In an attempt to make your decision easier, we’ve highlighted a few helpful considerations below.


What are the different types of dog harnesses?

To suit the body shape, size and breed of different dogs, there are multiple types of harness to choose from.

Dog harness types include:

Back-clip - a harness that comes together at the back

Day-pack - although sometimes capable of weighing your dog down and causing them discomfort, a day-pack harness has storage on either side for carrying treats and other items your dog may want during a long walk

Dual clip - more than one clip that can be disconnected to easily get your dog in and out of the harness

Front-clip -  a harness that comes together at the front

Safety - with extra padding and more material, a safety harness is designed like a jumper with clips on the front and back for attaching a lead

Step-in - a harness that doesn’t have any clips and allows your dog to simple step into it


What material are dog harnesses made from?

In some cases, the material of the harness you choose for your dog may be irrelevant. It's good to chose a harness with material that will suit your lifestyle. Here at Lords & Labradors we offer harnesses for all different scenarios, those that you can bundle in the washing machine, and those that have padding for longer hikes and walks. However, if your dog is picky, irritable, has a skin condition or short fur, it could be a deciding factor.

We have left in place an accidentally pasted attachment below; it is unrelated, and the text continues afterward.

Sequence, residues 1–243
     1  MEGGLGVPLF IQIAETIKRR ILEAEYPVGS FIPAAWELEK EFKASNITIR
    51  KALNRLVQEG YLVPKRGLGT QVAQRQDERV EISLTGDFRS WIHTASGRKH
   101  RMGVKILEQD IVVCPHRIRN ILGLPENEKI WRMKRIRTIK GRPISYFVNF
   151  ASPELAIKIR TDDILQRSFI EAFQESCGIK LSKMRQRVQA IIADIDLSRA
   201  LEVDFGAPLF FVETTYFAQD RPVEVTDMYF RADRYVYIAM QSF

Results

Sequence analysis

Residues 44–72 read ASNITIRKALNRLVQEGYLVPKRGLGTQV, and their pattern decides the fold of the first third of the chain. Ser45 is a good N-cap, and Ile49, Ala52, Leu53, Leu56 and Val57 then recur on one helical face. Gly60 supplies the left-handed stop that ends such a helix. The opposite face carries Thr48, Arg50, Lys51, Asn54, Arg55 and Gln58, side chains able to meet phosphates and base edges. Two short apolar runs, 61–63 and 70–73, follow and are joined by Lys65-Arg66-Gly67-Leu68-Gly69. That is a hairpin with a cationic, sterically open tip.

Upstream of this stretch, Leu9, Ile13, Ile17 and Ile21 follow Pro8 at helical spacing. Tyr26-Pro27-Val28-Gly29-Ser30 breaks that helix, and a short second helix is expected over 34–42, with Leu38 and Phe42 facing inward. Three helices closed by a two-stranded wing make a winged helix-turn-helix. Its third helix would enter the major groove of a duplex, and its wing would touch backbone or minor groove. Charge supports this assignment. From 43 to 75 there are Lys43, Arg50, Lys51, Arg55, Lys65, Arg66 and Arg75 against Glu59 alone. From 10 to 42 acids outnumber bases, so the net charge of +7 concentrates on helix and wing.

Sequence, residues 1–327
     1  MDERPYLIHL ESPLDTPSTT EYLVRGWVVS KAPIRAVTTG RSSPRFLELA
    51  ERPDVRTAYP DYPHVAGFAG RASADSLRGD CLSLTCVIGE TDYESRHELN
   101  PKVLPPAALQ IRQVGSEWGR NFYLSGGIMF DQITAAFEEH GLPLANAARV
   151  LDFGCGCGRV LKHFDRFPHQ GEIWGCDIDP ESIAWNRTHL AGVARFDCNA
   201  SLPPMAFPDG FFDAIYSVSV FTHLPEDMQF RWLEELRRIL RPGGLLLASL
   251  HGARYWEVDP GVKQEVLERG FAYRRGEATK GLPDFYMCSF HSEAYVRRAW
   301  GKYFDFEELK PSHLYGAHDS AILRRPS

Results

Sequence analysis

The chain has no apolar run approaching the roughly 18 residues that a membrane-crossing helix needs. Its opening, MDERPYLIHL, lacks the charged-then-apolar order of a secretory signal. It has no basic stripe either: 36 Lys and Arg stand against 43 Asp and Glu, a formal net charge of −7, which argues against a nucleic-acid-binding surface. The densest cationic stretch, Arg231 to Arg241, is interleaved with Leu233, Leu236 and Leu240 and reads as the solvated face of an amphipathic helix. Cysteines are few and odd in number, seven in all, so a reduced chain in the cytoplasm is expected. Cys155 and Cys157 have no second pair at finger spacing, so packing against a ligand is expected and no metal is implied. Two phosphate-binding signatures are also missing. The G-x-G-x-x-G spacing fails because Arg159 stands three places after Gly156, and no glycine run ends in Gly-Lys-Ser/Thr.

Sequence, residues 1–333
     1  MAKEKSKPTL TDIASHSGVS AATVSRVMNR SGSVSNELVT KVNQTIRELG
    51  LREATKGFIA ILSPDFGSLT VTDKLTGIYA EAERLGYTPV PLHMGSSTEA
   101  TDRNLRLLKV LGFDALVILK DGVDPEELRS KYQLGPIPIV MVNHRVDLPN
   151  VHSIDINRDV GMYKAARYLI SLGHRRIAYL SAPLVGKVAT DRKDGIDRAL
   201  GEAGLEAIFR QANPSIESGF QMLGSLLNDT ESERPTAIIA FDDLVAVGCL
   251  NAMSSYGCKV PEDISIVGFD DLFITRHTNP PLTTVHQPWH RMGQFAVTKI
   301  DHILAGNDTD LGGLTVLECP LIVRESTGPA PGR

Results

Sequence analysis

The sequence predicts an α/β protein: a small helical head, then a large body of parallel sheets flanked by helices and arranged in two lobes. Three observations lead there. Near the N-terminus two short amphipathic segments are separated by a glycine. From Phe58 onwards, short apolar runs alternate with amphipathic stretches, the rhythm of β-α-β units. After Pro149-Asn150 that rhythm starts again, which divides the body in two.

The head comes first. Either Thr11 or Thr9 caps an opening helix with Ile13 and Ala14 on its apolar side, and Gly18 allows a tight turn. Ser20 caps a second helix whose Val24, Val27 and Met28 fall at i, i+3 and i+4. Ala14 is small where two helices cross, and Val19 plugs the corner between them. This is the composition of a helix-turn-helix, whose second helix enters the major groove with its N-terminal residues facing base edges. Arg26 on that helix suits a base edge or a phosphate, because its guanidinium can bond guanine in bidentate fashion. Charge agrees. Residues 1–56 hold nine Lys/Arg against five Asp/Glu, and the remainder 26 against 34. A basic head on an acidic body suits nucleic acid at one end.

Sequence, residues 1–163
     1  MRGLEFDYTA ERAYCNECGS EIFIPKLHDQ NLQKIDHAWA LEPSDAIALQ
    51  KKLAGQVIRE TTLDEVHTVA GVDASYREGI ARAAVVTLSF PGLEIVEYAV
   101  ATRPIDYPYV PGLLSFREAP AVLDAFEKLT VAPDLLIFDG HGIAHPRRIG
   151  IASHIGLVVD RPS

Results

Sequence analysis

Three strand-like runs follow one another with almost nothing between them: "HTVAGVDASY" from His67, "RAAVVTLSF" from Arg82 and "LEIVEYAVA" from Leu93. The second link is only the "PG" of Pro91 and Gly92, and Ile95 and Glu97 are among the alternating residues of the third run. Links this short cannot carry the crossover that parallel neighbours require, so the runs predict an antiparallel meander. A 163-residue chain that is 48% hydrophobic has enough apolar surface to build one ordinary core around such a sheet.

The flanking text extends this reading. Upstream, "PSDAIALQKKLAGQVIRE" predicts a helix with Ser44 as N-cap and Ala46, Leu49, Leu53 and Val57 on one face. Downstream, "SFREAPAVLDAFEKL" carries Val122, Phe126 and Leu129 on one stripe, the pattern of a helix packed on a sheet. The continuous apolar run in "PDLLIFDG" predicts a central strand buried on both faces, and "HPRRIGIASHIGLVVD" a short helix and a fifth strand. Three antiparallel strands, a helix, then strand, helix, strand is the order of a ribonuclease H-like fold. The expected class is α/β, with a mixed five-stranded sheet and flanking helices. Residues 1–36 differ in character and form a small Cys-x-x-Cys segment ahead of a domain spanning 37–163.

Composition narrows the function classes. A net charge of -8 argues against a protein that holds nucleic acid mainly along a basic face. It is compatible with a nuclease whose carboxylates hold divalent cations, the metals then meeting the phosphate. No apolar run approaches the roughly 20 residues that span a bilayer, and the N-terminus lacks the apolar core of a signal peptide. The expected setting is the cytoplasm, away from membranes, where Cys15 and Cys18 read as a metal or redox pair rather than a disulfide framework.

Common dog harness materials include:

Cotton - comfortable and stretchy

Leather - thick and protective

Mesh - durable and strong

Nylon - water resistant and warm

Polyester - often in the lining with heat emboss

If your dog is short-haired, has parts of their body where skin is showing or you’re walking your dog during a particularly chilly day, it could be worth considering a dog harness with additional protection from the cold. Some harnesses have more material for covering a larger part of your dog’s body and padding for extra comfort and warmth.


Which dog harness is the safest?

As walking your dog with an unsuitable collar or harness could potentially harm your dog, it’s important that you choose a harness that won’t pose any danger to them, both in terms of short and long-term safety.

Looking at reviews of the harness you’re considering should give you an indication of how safe it is. Alternatively, you can identify a suitably safe harness by bearing in mind a selection of key features. These include:

  •  A comfortable, durable material Adjustable straps
  •  An easy process for putting the harness on and taking it off
  •  Coverage across your dog for comfort and support
  •  Sections of padding
  •  The clip for attaching a lead situated in the centre of the back

Shop Dog Harnesses

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RuffWear RuffWear Front Range Harness
From £19.99
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Hurtta Hurtta Weekend Warrior Harness
From £31.99
Cocopup London Blush Dalmatian Reversible Harness
Cocopup Cocopup London Blush Dalmatian Reversible Harness In Blush Dalmatian
From £14.99